Monte Carlo method for calculating oxygen abundances and their uncertainties from strong-line flux measurements

F. B. Bianco, M. Modjaz, S. M. Oh, D. Fierroz, Y. Q. Liu, L. Kewley, O. Graur

    Research output: Contribution to journalArticle

    Abstract

    We present the open-source Python code pyMCZ that determines oxygen abundance and its distribution from strong emission lines in the standard metallicity calibrators, based on the original IDL code of Kewley and Dopita (2002) with updates from Kewley and Ellison (2008), and expanded to include more recently developed calibrators. The standard strong-line diagnostics have been used to estimate the oxygen abundance in the interstellar medium through various emission line ratios (referred to as indicators) in many areas of astrophysics, including galaxy evolution and supernova host galaxy studies. We introduce a Python implementation of these methods that, through Monte Carlo sampling, better characterizes the statistical oxygen abundance confidence region including the effect due to the propagation of observational uncertainties. These uncertainties are likely to dominate the error budget in the case of distant galaxies, hosts of cosmic explosions. Given line flux measurements and their uncertainties, our code produces synthetic distributions for the oxygen abundance in up to 15 metallicity calibrators simultaneously, as well as for E(. B-. V), and estimates their median values and their 68% confidence regions. We provide the option of outputting the full Monte Carlo distributions, and their Kernel Density estimates. We test our code on emission line measurements from a sample of nearby supernova host galaxies ( z<0.15) and compare our metallicity results with those from previous methods. We show that our metallicity estimates are consistent with previous methods but yield smaller statistical uncertainties. It should be noted that systematic uncertainties are not taken into account. We also offer visualization tools to assess the spread of the oxygen abundance in the different calibrators, as well as the shape of the estimated oxygen abundance distribution in each calibrator, and develop robust metrics for determining the appropriate Monte Carlo sample size. The code is open access and open source and can be found at https://github.com/nyusngroup/pyMCZ.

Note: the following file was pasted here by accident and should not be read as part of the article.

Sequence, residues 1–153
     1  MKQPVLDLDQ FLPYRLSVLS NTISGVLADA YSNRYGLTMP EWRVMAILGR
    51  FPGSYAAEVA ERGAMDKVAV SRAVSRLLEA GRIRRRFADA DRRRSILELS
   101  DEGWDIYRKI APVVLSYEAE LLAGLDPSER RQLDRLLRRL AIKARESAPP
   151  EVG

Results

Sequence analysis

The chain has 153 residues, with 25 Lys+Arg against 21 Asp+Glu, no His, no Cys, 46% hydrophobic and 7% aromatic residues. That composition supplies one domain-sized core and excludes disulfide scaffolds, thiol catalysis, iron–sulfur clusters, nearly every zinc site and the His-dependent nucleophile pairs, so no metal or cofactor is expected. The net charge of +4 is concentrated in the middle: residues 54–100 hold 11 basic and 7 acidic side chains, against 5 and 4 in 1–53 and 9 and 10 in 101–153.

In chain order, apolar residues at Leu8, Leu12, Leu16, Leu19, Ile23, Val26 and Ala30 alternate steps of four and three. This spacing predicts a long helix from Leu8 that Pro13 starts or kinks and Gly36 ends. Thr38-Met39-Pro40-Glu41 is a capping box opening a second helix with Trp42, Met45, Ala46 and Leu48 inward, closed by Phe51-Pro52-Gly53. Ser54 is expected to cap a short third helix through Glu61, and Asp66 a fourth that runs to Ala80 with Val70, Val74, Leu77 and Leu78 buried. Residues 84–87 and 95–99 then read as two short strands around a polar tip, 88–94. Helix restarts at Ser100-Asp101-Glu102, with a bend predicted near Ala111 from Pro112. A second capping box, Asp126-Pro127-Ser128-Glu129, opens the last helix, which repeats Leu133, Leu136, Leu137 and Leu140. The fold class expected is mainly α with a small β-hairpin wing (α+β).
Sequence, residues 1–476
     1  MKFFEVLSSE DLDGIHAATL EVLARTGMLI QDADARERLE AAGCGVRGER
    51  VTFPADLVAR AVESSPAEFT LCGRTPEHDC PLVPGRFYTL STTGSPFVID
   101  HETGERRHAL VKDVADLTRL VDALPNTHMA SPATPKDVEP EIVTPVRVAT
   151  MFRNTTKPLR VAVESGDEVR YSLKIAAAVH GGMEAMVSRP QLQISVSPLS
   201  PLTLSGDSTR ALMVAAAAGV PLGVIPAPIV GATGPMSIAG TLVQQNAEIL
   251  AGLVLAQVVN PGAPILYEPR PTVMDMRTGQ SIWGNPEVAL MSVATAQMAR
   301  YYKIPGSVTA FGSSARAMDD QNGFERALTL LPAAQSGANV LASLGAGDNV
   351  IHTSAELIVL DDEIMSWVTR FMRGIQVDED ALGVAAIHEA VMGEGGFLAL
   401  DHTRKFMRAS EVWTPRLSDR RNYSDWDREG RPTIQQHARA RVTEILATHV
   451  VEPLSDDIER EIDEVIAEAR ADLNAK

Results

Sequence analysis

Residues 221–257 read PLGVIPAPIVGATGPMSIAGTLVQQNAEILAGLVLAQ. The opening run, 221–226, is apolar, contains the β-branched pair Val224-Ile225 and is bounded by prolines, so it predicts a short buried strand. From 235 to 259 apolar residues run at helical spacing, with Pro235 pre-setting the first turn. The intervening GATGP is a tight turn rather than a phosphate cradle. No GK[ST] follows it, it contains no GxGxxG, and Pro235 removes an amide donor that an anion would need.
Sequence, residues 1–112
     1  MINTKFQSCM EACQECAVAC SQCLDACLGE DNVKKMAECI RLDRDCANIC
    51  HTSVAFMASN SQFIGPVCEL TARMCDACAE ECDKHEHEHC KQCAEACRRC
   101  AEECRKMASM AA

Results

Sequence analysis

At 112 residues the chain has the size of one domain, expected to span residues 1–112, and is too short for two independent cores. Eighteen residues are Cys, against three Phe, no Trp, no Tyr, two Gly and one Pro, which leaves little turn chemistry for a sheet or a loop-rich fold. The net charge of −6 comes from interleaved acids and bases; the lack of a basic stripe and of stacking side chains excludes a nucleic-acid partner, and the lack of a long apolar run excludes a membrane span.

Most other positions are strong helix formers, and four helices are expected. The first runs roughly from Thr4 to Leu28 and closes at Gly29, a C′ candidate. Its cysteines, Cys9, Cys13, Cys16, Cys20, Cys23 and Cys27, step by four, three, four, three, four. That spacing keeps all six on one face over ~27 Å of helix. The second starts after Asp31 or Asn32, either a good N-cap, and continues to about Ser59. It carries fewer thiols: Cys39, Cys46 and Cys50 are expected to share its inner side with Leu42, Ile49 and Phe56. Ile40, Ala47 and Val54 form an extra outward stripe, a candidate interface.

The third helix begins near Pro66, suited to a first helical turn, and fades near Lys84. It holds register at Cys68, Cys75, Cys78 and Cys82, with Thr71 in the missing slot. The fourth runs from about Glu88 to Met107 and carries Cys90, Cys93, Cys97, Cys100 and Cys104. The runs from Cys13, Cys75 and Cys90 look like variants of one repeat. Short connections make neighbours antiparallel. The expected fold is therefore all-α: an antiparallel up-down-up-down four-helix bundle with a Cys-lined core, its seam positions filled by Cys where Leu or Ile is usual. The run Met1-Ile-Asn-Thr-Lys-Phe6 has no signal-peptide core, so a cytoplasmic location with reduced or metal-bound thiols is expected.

Original languageEnglish (US)
    Pages (from-to)54-66
    Number of pages13
    JournalAstronomy and Computing
    Volume16
    DOIs
    StatePublished - Jul 1 2016

    Fingerprint

    flux measurement
    Monte Carlo method
    Monte Carlo methods
    Galaxies
    Fluxes
    oxygen
    Oxygen
    metallicity
    galaxies
    estimates
    supernovae
    confidence
    Astrophysics
    astrophysics
    budgets
    Explosions
    visualization
    explosions
    Uncertainty
    method

    Keywords

    • Abundances-ISM
    • Galaxy
    • General
    • HII regions-supernovae

    ASJC Scopus subject areas

    • Astronomy and Astrophysics
    • Computer Science Applications

    Cite this